One Sunday afternoon a few weeks ago, I got a phone call from my mother’s cousin, Tzippi, who lives in South Florida and is in her late seventies. “Sha’ron,” she asked, “I know you were close with Doda [Hebrew for ‘auntie’]. Did she ever tell you what she did during the War?”
Doda Anutza, whose real name was Hanna Druckman, was born in Romania in 1915. She had three brothers, one of whom was my grandfather, Isaac. At the age 15, she was sent to live with her aunt in Paris. “Well, Tzippi,” I said, “I know that Doda was part of the Resistance in France and that her lover was captured and murdered by the Gestapo. Beyond that, my Doda and grandfather refused to share anything else with me and Ima [Hebrew for ‘mom’].”
“I got a call recently from an old friend,” said Tzippi. “He found an interesting book in the library.”* The book, Tzippi explained, was written 20 years ago, and detailed the life of a Polish woman named Zosha. She came to Israel as a pioneer, joined the Palestine communist party, and then from 1930 onwards lived in France and Belgium. Zosha was recruited by a Soviet anti-Nazi resistance organization called the Red Orchestra. One third of their members were Jewish. Zosha was an unsung Jewish heroine of the War, one of the many women whose stories we are only now learning about.
“In this book,” Tzippi told me excitedly, “our Doda is mentioned!” The author interviewed Doda when she learned that some of the people who fought with the Resistance and survived the war had moved to Israel. And so, many years after her passing, Ima, Tzippi, and the rest of my extended family have had the opportunity to learn more info about Doda Anutza.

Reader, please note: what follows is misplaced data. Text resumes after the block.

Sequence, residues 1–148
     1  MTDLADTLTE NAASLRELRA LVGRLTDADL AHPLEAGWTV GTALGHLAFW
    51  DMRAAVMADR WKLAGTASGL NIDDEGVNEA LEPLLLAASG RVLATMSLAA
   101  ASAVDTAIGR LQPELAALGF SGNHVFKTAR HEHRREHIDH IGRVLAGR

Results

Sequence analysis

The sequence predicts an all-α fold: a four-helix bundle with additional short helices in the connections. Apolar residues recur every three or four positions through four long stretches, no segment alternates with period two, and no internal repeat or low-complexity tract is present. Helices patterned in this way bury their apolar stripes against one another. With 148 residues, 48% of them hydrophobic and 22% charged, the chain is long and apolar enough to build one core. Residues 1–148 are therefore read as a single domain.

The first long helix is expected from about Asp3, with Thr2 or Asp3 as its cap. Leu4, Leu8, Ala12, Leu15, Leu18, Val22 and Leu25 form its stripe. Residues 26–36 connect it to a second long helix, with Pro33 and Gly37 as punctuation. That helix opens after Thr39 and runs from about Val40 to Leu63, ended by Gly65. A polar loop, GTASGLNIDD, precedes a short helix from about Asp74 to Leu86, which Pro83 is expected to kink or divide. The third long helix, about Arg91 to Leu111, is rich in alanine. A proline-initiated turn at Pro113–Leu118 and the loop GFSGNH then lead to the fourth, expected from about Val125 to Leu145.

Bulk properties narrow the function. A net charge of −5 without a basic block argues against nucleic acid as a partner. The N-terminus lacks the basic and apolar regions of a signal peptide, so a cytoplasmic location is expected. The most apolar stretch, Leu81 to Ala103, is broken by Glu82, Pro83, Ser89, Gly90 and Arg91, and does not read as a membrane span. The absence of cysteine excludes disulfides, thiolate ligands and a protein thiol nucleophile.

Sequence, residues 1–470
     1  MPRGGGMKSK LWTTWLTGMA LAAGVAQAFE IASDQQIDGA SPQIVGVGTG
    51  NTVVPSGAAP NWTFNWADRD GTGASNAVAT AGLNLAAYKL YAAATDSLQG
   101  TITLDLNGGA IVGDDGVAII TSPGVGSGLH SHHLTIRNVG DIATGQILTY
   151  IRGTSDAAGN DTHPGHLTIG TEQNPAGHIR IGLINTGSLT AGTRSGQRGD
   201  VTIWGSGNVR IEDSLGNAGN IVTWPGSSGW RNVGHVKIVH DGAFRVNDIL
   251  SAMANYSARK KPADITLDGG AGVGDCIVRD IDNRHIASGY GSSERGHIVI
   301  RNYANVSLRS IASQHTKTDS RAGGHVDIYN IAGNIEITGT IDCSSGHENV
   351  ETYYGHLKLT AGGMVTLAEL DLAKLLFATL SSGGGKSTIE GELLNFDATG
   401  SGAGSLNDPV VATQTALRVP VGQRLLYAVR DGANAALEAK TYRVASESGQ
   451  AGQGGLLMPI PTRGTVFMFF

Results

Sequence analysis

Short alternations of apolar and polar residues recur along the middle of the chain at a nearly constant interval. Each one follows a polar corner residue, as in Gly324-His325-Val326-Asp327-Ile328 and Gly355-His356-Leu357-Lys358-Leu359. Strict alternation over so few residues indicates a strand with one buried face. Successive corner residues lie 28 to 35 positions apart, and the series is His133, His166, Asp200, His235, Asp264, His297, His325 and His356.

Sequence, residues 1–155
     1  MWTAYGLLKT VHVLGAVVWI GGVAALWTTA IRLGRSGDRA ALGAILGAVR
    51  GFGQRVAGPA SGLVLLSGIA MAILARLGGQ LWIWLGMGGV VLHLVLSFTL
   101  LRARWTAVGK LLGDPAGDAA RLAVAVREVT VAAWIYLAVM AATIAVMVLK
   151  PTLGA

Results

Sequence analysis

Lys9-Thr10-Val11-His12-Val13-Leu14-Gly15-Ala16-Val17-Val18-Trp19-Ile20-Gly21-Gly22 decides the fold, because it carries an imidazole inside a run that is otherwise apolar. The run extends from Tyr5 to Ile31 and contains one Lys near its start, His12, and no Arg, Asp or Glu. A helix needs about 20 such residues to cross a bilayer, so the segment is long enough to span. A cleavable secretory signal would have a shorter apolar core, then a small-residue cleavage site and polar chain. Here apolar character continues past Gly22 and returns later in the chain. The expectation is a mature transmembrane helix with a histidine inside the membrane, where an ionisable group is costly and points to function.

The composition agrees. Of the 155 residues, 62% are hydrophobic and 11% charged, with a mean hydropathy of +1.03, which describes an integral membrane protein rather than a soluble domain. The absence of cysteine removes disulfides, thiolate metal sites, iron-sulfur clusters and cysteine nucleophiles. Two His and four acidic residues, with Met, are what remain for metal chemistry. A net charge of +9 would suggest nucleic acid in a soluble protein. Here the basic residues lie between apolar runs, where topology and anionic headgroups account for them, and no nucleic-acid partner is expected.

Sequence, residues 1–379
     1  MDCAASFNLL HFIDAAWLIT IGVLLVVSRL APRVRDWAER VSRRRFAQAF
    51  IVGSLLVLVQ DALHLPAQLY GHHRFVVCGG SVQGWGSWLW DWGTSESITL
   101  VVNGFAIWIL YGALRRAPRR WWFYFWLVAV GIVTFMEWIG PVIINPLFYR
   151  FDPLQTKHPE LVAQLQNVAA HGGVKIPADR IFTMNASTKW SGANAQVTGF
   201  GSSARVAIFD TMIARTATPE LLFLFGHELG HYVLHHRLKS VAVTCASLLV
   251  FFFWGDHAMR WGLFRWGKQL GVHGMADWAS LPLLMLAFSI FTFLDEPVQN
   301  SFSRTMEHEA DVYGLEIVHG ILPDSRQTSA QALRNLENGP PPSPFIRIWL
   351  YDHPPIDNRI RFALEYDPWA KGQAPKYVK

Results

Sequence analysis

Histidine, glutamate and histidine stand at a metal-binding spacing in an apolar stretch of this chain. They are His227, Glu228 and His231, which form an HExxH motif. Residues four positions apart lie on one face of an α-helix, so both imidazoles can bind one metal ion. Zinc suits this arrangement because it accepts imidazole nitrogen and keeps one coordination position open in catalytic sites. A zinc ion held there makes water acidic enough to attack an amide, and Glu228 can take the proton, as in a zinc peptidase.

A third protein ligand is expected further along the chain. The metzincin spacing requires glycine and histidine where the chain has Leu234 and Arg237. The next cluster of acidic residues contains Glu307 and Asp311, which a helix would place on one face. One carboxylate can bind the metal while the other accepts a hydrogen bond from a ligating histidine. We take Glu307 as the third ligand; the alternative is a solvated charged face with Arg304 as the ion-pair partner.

A Humble Auntie
Doda was a petite woman and as cute as they come. I remember her hair, her lipstick, her pink nails, and, of course, her high heels. I used to spend few days with her every summer in her tiny apartment on the Carmel in Haifa. I loved spending time with Doda. We would walk together to her hairdresser and to her friends’ houses for tea and cookies. I would pour over the books of art she had from France and Italy, and very carefully dust her porcelain dolls. She was my grandfather’s younger sister, my family, my Doda.
She never married. The love of her life was murdered by the Gestapo and that was the end of the story. Her nieces and nephews were like her children and their kids, my second cousins and I, were like her grandchildren.
I learned not to ask too many questions of her or her siblings. My grandfather never answered my question of “Where were you during that time?” I told him that I didn’t need details, just the name of a place, but he wouldn’t talk. My mother couldn’t get him to speak either. Doda would simply say she was fighting with the Resistance and that was it.
Now, through this author’s interview with Hanna Druckman, we have learned so much. On top of being a spy, my Doda saved Jewish children. She smuggled them out of Drancy, an assembly and detention camp for confining Jews who were later deported to the extermination camps. After the War, she took those same kids to an orphanage in Israel, and many of them were later adopted.
WOW! My Doda, a hero! A humble hero. She belonged to the generation who kept quiet because it was too hard to talk about what they’d lived through, and who did what they could to help out of a sense of responsibility to this world. It would have been brave enough to fight with the Resistance! To my mind, there is nothing more sacred than saving the lives of children. I could not be prouder to call her Doda!
My grandfather passed away when I was 14 years old. I am still searching for information to find where he was during the War. My Doda lived until her early nineties and was blessed to see her great nieces’ and nephews’ children. She lived in Israel for six months of the year and Paris for the rest. All of us would wait anxiously for her return to Israel, to see her smiling face and to savor the special treats she always brought us from France.
Rest in peace, brave hero. I think I can humbly say that your memory is for a blessing.
* “Codename Zosha: from the Jezreel Valley to the Red Orchestra” by Yehudit Kafri.
Sha’ron Wolfin Eden is the Director of Advancement at Tucson Hebrew Academy.